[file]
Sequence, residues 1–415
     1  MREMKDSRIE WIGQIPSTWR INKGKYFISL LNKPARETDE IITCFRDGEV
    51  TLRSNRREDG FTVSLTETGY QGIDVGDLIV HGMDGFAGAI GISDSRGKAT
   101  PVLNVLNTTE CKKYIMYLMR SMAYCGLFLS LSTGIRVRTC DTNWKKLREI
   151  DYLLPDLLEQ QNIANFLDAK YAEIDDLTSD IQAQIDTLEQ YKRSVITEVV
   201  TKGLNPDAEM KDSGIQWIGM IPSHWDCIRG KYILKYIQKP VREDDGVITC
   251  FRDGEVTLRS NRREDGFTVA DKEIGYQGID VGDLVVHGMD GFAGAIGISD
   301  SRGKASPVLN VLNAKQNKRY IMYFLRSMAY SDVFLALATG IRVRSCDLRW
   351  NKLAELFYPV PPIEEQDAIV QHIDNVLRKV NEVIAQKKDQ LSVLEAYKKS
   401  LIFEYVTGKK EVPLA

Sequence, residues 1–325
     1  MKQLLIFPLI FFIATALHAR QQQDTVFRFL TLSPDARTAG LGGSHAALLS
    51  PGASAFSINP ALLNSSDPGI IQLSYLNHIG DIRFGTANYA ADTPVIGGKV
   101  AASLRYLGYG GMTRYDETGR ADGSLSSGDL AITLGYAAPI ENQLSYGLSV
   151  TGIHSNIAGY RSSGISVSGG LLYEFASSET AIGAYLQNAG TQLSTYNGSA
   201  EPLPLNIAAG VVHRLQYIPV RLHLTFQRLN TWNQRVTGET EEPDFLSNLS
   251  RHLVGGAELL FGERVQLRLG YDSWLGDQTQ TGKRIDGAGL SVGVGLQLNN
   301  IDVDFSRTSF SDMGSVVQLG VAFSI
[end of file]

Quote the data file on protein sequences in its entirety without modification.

Sequence, residues 1–415
     1  MREMKDSRIE WIGQIPSTWR INKGKYFISL LNKPARETDE IITCFRDGEV
    51  TLRSNRREDG FTVSLTETGY QGIDVGDLIV HGMDGFAGAI GISDSRGKAT
   101  PVLNVLNTTE CKKYIMYLMR SMAYCGLFLS LSTGIRVRTC DTNWKKLREI
   151  DYLLPDLLEQ QNIANFLDAK YAEIDDLTSD IQAQIDTLEQ YKRSVITEVV
   201  TKGLNPDAEM KDSGIQWIGM IPSHWDCIRG KYILKYIQKP VREDDGVITC
   251  FRDGEVTLRS NRREDGFTVA DKEIGYQGID VGDLVVHGMD GFAGAIGISD
   301  SRGKASPVLN VLNAKQNKRY IMYFLRSMAY SDVFLALATG IRVRSCDLRW
   351  NKLAELFYPV PPIEEQDAIV QHIDNVLRKV NEVIAQKKDQ LSVLEAYKKS
   401  LIFEYVTGKK EVPLA

Sequence, residues 1–325
     1  MKQLLIFPLI FFIATALHAR QQQDTVFRFL TLSPDARTAG LGGSHAALLS
    51  PGASAFSINP ALLNSSDPGI IQLSYLNHIG DIRFGTANYA ADTPVIGGKV
   101  AASLRYLGYG GMTRYDETGR ADGSLSSGDL AITLGYAAPI ENQLSYGLSV
   151  TGIHSNIAGY RSSGISVSGG LLYEFASSET AIGAYLQNAG TQLSTYNGSA
   201  EPLPLNIAAG VVHRLQYIPV RLHLTFQRLN TWNQRVTGET EEPDFLSNLS
   251  RHLVGGAELL FGERVQLRLG YDSWLGDQTQ TGKRIDGAGL SVGVGLQLNN
   301  IDVDFSRTSF SDMGSVVQLG VAFSI